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In response to the latest Government advice The Beatles Story exhibition, Discovery Zone, Fab4 Cafés and Fab4 Stores will remain closed while the Liverpool City Region falls into tier 3. We will continue to monitor the situation. Find out more information on all our safety guidelines by clicking the link below.

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This site uses cookies: Find out more.

Opening information

In response to the latest Government advice The Beatles Story exhibition, Discovery Zone, Fab4 Cafés and Fab4 Stores will remain closed while the Liverpool City Region falls into tier 3. We will continue to monitor the situation. Find out more information on all our safety guidelines by clicking the link below.

Further information
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28th January, 2021

World Ukulele Day - The Beatles and the Uke

To mark World Ukulele Day, we explore the links between the fab four from Liverpool, and the fab four-stringed instrument played and enjoyed by millions around the world!

The Beatles were fans of the ukulele—they improvised with ukuleles during the recording breaks on Let It Be and on their song, "Free as a Bird", you can, at the end, hear a ukulele strummed by George.

John 

Before learning to play the guitar, John’s mother Julia taught him chords on a banjo-ukulele. This was before he progressed to an acoustic guitar, which he played with The Quarrymen.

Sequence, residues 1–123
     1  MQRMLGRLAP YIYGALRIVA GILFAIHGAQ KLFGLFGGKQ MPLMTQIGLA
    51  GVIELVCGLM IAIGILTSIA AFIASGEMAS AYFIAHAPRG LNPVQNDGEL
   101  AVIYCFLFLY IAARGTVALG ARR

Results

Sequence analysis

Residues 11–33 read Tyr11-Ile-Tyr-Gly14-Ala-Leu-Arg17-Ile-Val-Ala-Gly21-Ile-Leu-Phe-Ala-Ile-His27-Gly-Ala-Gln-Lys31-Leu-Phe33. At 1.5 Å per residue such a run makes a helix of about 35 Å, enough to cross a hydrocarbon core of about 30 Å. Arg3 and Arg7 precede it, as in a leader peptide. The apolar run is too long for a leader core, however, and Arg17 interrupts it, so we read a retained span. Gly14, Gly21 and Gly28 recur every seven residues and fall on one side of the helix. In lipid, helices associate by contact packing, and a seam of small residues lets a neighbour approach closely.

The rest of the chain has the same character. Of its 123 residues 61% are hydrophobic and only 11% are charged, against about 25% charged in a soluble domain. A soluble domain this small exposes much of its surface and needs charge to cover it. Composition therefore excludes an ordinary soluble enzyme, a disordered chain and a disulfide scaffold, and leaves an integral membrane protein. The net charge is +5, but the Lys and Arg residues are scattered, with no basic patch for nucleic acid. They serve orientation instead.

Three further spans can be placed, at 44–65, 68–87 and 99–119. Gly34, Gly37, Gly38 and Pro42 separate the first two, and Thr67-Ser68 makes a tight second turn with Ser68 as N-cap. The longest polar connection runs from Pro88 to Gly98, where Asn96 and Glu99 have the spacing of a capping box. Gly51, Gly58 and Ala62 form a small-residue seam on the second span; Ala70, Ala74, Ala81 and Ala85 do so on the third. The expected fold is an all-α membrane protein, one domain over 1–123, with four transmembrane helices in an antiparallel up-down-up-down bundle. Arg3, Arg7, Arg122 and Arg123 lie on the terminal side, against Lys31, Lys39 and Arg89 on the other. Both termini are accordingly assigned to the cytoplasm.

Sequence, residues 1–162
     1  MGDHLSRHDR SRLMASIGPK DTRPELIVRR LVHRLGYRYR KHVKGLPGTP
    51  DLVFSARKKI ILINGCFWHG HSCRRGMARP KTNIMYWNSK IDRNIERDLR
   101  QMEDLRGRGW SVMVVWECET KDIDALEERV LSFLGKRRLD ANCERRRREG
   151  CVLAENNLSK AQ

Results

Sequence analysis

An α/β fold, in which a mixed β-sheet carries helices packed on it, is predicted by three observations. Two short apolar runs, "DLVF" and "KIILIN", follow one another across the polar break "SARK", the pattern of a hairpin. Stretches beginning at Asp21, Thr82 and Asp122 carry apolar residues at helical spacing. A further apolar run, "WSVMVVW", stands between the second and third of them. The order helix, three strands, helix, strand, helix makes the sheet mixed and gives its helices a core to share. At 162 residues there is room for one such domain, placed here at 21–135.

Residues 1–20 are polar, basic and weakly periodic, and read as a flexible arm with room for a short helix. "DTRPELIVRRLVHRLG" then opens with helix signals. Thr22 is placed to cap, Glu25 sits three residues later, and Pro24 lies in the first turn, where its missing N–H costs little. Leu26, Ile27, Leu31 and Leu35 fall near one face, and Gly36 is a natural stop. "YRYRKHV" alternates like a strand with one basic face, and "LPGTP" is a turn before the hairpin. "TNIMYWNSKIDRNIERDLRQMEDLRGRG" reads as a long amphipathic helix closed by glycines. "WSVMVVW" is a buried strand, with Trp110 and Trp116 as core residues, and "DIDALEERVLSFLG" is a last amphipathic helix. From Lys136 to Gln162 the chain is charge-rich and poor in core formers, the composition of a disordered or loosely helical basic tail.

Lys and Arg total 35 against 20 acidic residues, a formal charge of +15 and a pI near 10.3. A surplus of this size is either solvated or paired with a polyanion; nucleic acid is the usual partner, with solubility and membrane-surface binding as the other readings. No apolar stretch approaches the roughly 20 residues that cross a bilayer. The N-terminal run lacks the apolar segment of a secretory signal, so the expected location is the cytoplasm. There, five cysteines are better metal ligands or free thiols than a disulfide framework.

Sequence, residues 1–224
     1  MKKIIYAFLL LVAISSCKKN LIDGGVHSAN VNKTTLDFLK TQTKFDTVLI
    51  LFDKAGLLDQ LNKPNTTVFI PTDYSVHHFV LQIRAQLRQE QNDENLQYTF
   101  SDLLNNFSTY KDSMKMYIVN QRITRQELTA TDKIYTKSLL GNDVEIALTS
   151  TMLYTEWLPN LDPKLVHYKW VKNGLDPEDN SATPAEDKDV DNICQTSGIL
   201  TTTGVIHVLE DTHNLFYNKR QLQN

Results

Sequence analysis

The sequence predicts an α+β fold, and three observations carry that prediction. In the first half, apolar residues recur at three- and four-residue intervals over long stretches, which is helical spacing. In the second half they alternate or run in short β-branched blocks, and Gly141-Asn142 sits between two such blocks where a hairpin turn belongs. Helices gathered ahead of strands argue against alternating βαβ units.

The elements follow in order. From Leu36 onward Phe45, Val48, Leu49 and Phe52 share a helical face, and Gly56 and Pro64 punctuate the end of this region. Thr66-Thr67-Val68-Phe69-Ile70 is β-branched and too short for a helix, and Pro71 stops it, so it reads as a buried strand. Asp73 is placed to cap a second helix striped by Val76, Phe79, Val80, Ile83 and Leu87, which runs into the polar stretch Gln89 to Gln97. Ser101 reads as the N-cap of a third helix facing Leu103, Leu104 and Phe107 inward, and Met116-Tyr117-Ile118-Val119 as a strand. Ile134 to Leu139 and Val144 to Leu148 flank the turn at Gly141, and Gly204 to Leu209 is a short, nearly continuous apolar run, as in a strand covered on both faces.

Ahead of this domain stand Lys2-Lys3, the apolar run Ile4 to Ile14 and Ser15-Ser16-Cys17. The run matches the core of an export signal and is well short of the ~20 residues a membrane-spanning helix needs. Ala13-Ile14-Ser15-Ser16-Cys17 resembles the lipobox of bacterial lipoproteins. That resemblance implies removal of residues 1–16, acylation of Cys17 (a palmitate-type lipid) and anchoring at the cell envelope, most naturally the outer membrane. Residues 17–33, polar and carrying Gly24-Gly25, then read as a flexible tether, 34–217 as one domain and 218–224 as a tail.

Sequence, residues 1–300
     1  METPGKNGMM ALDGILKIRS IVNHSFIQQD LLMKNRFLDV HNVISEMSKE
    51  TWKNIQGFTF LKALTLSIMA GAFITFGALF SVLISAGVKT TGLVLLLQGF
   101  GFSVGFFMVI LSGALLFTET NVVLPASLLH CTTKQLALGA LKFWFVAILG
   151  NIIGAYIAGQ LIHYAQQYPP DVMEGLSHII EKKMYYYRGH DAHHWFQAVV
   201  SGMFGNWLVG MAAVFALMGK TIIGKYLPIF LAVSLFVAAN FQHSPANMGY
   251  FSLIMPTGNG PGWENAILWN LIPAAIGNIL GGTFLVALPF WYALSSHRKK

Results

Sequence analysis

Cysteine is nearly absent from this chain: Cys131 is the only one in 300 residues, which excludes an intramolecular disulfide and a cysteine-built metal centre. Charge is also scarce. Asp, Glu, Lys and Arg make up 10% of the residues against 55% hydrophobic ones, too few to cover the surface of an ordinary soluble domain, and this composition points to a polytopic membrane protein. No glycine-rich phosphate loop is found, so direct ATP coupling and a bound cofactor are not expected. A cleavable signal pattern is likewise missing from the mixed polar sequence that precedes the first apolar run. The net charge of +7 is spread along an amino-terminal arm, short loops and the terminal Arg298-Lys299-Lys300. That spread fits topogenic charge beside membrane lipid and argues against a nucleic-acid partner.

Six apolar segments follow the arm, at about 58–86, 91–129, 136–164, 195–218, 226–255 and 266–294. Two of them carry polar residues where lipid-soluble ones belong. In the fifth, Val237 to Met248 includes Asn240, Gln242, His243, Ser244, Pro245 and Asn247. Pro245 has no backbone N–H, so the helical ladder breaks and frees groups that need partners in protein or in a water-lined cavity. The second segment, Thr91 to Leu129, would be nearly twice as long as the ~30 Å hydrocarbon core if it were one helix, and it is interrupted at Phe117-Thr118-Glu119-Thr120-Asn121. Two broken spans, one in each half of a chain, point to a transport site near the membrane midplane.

John was even recorded playing the ukulele, in the song from the Yellow Submarine Soundtrack "All Together Now".

John and George also jammed on their ukuleles whilst sailing through the Greek islands. George was quoted as saying: "John and I, with ukulele banjos, sailing through the Greek islands--Hare Krishna. Like six hours we sang, because you couldn't stop once you got going. You just couldn't stop. It was like as soon as you stop, it was like the lights went out."


Paul

On the first anniversary of George’s death, Paul played Harrison's "Something" on a ukulele at the Concert for George; he would perform this rendition of the song on many subsequent solo tours.

George

Of all the Beatles, George Harrison was the biggest fan of the uke. In a note from 1999, George affectionately wrote: “Everyone I know who is into the ukulele is ‘crackers, you can’t play it and not laugh!”

He further confirmed his love for the mini instrument when he bought a complex in Hawaii and began buying ukes in batches, which he loved to pass on to guests and visitors to his home. 

Parties at the Harrison residence would regularly turn into singalongs while George strummed along on the ukulele. Paul McCartney fondly remembers; “Whenever you went round George’s house, after dinner the ukuleles would come out and you’d inevitably find yourself singing all these old numbers.”

 

Tom Petty, George’s friend and bandmate in the Travelling Wilburys, recalls the Quiet Beatle giving him his own ukulele. Tom was initially hesitant but relented after Harrison promised to teach him how to play.

A Hawaiian influence is also notable in much of George’s music, ranging from his slide guitar work on Gone Troppo to his televised performance of the Cab Calloway standard 'Between the Devil and the Deep Blue Sea'.

George was a great admirer of George Formby, an English actor, singer-songwriter and comedian who became known to a worldwide audience through his films of the 1930s and 1940s as well as his ukulele-playing. George Harrison performed at a George Formby convention in 1991, and even served as the honorary president of the George Formby Appreciation Society!

George was also a member of the Ukulele Society of Great Britain, and played a ukulele solo in the style of Formby at the end of "Free as a Bird".

Ringo

Ringo, although he loved jamming with George and Paul while they played, had only one love – the drums. He once said: "My grandparents gave me a mandolin and a banjo, but I didn't want them. My grandfather gave me a harmonica ... we had a piano – nothing. Only the drums".

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